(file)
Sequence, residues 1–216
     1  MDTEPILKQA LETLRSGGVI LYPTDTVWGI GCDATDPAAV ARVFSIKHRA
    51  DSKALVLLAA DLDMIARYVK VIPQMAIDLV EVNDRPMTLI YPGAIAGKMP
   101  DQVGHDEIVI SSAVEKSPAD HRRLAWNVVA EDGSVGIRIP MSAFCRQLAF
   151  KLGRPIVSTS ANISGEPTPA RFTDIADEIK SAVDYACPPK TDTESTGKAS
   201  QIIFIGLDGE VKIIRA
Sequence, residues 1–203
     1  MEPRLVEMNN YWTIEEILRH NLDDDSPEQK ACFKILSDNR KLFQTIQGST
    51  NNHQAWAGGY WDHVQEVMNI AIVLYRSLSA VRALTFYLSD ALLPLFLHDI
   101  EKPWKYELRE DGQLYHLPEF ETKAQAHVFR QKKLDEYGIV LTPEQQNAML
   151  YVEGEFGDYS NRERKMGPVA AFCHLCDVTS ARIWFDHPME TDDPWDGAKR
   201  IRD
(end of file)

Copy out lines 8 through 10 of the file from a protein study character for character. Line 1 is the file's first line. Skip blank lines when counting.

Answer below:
     1  MEPRLVEMNN YWTIEEILRH NLDDDSPEQK ACFKILSDNR KLFQTIQGST
    51  NNHQAWAGGY WDHVQEVMNI AIVLYRSLSA VRALTFYLSD ALLPLFLHDI
   101  EKPWKYELRE DGQLYHLPEF ETKAQAHVFR QKKLDEYGIV LTPEQQNAML